It seems that Ray Kurzweil is among the ones who are more down to Earth and not exactly all to worried about AI, technology and automation taking away jobs and leading to a crisis of unemployment.
The same way people were wondering about the pro’s and cons of IoT refrigerators, they are now wondering what we get and what we lose with AI equipped gadgets that have traditionally had no business being equipped with intelligence. As Jeff Goldblum’s character said in Jurrasic Park: “Your scientists were so preoccupied with whether or not they could, they didn
The questions of IoT devices have basically answered themselves – we don’t really need an intelligent cloud-connected TV’s, fridges and toasters. They can, in fact, prove more dangerous than useful. The importance of AI, however, is huge for the global political, economical and financial elites.
Even Russian president Vladimir Putin said in an address to students: “Artificial intelligence is the future, not only for Russia, but for all humankind,” and that “Whoever becomes the leader in this sphere will become the ruler of the world.” Now that’s not nothing, and it doesn’t sound like pure hype. And when we look at what the giant corporations are doing, we can see how serious it is:
Elon Musk and Mark Zuckerberg are having heated gray matter throwing contests on Twitter over the pursuit of AI:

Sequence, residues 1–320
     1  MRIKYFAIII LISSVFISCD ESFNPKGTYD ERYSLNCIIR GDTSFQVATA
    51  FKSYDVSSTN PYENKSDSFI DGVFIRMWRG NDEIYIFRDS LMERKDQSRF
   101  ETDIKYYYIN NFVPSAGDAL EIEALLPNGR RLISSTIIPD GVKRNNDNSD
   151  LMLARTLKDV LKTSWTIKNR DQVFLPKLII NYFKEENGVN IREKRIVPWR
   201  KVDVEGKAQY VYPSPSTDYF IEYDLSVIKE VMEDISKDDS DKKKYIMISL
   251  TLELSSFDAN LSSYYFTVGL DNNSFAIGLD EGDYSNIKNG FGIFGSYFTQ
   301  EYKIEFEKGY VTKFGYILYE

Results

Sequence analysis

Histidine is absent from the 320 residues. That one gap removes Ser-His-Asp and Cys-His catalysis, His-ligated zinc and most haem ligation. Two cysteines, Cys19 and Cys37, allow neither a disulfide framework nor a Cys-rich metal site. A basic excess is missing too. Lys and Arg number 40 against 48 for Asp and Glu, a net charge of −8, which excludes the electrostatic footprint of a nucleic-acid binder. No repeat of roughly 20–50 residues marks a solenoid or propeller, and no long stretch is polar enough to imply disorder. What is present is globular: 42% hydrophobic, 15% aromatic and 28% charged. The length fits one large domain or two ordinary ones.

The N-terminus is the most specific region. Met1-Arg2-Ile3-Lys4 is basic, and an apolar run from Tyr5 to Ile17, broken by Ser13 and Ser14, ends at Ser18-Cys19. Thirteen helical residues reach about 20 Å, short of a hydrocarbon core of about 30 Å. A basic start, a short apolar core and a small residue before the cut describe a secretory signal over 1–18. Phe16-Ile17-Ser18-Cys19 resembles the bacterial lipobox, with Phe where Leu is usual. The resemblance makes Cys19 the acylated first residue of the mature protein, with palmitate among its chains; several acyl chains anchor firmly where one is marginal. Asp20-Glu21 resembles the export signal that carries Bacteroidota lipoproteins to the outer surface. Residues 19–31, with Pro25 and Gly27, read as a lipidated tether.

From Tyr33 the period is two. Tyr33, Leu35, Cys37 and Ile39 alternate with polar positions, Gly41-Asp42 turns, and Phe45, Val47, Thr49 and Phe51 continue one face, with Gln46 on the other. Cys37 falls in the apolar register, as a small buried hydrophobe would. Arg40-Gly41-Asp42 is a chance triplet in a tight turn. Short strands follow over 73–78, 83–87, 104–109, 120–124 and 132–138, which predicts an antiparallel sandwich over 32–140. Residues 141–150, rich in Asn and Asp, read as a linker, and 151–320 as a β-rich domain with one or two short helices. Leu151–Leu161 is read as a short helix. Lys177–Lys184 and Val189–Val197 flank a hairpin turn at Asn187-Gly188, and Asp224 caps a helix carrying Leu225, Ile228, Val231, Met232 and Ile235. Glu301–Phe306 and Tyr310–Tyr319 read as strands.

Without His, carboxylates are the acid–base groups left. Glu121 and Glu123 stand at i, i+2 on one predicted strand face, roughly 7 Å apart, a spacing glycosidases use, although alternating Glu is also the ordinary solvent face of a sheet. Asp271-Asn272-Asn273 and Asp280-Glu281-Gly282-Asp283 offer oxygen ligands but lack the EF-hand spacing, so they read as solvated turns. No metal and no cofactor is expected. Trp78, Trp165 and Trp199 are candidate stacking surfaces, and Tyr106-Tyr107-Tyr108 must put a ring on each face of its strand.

— Darren Cunningham (@dcunni) July 25, 2017
And Microsoft’s AI R&D team has grown significantly in the past year, and it’s now 8000 strong!
Naturally, considering the success automation has had and the accumulation of wealth it accelerates, many are afraid that AI will in the same way take our jobs away permanently and a humanitarian catastrophe will emerge from it as the elites start to employ AI for their own benefits. Stock trading will probably be the first field to have an AI tested at, because it provides the most profit for the invested effort (the electricity bill, basically, if we don’t count R&D costs).
But many are skeptical of the impending job-pocalypse, and Ray Kurzwel is among them.
Kurzweil doesn’t believe that technology, automation and AI are going to eliminate jobs completely, without creating more then they kill off. We will instead be doing jobs that we haven’t even invented yet, as was the case throughout history.
His reasoning is that jobs simply go away and make room for more modern, more current-tech jobs:
“We have already eliminated all jobs several times in human history. How many jobs circa 1900 exist today? If I were a prescient futurist in 1900, I would say, “Okay, 38% of you work on farms; 25% of you work in factories. That’s two-thirds of the population. I predict that by the year 2015, that will be 2% on farms and 9% in factories.” And everybody would go, “Oh, my God, we’re going to be out of work.” ”
And Kurzweil is not your run of the mill engineer, he’s also an author and director of engineering at Google itself.
So many conflicting thoughts, ambitions and fears. If only we had an AI do a simulation of the impacts of AI development, so that the hype and stone-throwing can make way for some concrete science.